Transformational Groups: Creating a New Scorecard for Groups, by Ed Stetzer and Eric Geiger (Nashville: BH Publishing Group, 2014), pbk. 210 pp., $14.99.
How do we gauge the spiritual growth of a group? We could record attendance at meetings or grade the answers to workbook exercises (public schoolteachers do that every day), but we can’t measure the spiritual growth of a Christian group that way. Why not? Because spiritual growth changes a group’s behavior, just as it changes an individual’s behavior. We know growth is happening in a small group when we see more Christ-like attitudes, priorities, commitments, and relationships there. But try giving any group a grade or score on those things!
This is exactly what LifeWay Research is up to. The research service is an extension of LifeWay Publishing, the Southern Baptist publishing house, and it’s headed by Ed Stetzer, the volunteer pastor of a church in Nashville. LifeWay Research has conducted three major studies in the past decade to understand how Christians are discipled. They have now developed an online questionnaire that assesses the spiritual growth of an individual or group.
“Most scorecards start with purely numerical statistics, often in two categories: butts and baptisms,” Ed Stetzer writes (p. 151). “How many people are attending each week, making a decision for Christ, and choosing to be baptized?…
“These things matter, but they’re not the only things that matter. Once people make a decision for Christ, are they living changed lives and sharing Christ with their friends and neighbors?”
Transformational Groups concludes that Christian discipleship happens most reliably in small, intentional groups. Not too surprising. But it also finds that few pastors nurture or promote small-group ministries in their congregations because it would require a major shift in they way they “do church.”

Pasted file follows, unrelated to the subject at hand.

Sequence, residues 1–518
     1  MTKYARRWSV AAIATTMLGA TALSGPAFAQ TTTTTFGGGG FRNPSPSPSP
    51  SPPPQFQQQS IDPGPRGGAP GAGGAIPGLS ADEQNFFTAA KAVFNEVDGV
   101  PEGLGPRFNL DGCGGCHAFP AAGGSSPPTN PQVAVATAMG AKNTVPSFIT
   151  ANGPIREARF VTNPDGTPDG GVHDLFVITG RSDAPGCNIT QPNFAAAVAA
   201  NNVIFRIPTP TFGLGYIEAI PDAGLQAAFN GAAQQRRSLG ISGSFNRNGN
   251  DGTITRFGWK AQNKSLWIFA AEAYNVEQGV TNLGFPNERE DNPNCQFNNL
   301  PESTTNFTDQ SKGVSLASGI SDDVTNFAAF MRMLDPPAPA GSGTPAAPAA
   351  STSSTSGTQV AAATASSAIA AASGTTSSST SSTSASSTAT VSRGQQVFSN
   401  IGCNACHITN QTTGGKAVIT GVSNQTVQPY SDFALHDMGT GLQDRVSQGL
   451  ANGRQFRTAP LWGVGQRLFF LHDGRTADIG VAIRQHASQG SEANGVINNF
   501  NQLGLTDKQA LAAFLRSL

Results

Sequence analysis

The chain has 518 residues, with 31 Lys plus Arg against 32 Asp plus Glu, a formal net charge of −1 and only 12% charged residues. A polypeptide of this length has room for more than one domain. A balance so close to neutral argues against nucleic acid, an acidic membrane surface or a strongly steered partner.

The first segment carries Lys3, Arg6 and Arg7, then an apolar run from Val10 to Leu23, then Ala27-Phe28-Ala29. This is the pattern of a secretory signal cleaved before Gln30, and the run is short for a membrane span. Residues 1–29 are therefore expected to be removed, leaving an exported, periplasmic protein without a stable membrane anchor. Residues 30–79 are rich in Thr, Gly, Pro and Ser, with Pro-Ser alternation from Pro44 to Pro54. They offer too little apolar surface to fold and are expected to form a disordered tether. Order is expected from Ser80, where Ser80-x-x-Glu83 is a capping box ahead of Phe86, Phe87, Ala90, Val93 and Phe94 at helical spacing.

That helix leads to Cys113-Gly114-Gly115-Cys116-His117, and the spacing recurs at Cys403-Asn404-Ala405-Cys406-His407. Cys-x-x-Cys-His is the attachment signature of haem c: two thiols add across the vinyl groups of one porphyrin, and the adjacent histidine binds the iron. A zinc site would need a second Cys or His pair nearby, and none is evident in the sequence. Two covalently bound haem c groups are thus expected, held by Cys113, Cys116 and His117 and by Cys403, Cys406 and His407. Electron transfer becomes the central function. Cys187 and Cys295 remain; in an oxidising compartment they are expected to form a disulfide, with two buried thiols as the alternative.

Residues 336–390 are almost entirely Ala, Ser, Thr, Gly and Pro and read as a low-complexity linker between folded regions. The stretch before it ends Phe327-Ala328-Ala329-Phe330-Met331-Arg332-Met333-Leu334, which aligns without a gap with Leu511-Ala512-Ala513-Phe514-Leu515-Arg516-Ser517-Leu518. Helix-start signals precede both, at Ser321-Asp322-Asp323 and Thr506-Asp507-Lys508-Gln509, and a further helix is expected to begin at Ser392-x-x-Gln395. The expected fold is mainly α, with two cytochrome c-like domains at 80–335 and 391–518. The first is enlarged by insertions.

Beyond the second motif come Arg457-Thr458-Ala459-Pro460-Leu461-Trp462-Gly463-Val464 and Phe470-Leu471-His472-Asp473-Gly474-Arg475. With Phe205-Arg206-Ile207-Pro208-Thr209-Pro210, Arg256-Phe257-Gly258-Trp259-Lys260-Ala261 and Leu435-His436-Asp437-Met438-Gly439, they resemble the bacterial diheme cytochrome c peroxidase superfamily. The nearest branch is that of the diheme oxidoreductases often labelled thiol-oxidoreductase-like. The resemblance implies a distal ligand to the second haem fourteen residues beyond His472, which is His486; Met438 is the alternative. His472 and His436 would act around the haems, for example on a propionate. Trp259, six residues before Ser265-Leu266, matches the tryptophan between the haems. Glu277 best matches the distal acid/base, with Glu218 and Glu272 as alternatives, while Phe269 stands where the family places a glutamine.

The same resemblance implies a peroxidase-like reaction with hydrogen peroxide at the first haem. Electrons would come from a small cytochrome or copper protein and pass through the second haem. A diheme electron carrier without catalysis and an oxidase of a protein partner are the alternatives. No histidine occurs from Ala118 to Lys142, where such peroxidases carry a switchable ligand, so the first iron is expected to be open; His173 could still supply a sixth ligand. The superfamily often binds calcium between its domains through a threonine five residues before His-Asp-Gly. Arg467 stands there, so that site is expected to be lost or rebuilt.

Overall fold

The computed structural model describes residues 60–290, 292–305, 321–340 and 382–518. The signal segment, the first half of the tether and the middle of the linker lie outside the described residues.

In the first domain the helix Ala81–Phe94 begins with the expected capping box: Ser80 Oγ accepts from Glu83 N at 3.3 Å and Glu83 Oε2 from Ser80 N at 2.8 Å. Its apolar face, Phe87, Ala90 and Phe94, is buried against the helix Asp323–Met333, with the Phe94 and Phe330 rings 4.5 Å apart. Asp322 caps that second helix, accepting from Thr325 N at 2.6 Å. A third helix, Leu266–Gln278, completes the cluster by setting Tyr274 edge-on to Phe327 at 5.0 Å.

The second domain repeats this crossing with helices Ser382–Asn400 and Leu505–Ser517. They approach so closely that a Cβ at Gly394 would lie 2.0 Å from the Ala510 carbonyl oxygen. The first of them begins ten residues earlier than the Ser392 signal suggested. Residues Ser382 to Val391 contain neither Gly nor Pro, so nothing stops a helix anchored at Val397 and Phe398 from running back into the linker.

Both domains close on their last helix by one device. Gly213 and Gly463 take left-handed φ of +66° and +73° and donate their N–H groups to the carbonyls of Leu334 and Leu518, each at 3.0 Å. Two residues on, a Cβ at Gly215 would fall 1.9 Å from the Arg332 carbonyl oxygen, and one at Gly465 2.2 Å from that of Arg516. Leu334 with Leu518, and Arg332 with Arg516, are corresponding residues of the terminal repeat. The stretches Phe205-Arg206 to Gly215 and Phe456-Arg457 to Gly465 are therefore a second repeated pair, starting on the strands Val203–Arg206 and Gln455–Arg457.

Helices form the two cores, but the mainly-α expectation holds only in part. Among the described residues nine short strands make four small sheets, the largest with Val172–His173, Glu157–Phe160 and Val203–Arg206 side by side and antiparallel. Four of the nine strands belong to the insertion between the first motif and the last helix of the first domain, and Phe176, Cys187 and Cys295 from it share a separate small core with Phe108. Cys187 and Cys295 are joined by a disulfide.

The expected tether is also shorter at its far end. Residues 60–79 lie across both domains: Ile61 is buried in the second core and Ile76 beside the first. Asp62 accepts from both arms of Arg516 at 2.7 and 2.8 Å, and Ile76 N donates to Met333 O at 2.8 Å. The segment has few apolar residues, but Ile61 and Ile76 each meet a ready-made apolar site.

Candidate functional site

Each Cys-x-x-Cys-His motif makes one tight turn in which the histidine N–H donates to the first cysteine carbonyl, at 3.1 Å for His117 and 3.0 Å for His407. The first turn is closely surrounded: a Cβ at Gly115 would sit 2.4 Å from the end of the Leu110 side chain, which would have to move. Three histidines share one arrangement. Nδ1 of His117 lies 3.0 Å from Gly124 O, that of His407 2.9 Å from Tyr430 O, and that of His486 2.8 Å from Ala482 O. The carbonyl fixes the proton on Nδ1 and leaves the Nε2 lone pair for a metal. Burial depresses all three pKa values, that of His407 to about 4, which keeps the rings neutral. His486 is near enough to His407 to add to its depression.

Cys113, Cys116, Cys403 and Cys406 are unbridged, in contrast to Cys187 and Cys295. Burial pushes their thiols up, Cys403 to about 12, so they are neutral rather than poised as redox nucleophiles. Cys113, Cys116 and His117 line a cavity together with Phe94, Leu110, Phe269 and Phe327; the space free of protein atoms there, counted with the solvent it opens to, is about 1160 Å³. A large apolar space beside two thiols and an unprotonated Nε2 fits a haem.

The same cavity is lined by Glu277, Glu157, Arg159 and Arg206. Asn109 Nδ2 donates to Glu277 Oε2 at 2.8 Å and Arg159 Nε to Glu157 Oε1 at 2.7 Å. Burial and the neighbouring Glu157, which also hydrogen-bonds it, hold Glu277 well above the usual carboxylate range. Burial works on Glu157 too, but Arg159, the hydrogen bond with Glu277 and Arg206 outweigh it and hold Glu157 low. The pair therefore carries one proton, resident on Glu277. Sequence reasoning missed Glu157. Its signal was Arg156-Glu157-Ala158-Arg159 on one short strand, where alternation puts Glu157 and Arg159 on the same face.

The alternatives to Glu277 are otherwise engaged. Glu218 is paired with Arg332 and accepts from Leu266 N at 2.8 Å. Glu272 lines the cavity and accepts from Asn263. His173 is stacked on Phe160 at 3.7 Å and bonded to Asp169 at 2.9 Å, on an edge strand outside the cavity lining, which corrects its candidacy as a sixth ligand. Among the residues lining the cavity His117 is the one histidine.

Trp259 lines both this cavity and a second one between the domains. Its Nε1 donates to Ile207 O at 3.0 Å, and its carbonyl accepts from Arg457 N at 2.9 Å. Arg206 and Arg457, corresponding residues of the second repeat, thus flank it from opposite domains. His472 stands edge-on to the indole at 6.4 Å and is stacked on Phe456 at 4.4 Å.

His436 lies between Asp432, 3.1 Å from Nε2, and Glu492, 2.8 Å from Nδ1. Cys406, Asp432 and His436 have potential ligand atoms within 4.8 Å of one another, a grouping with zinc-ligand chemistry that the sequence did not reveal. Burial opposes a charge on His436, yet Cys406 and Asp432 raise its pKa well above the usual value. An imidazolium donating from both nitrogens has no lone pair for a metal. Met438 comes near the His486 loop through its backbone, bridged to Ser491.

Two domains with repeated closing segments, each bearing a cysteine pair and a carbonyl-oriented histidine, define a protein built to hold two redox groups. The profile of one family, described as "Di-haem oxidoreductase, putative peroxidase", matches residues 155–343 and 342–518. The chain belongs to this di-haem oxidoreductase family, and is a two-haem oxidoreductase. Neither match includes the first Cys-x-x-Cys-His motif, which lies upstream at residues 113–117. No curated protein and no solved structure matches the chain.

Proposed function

“Our churches must shift from mere classroom to community, a community that learns and processes God’s Word together and encourages one another to live what they have learned,” Stetzer observes (p. 81). “Learning is not only knowledge gained; it is truth lived out in the context of and under the watch care of a community of Christ followers.”
Transformational Groups explains how the LifeWay researchers went about “creating a new scorecard for groups,” but it does not contain the scorecard itself. That’s at their website (http://tda.lifeway.com) and they charge a small fee to take it. The tool takes about 15 minutes to complete and it scores a group or individual on eight metrics of Christian discipleship. It produces a report with a good deal of practical detail: It reveals where you are spiritually weak, where you are strong, and how you can address your weaknesses in biblically sound ways. Both the book and the scorecard are Highly recommended.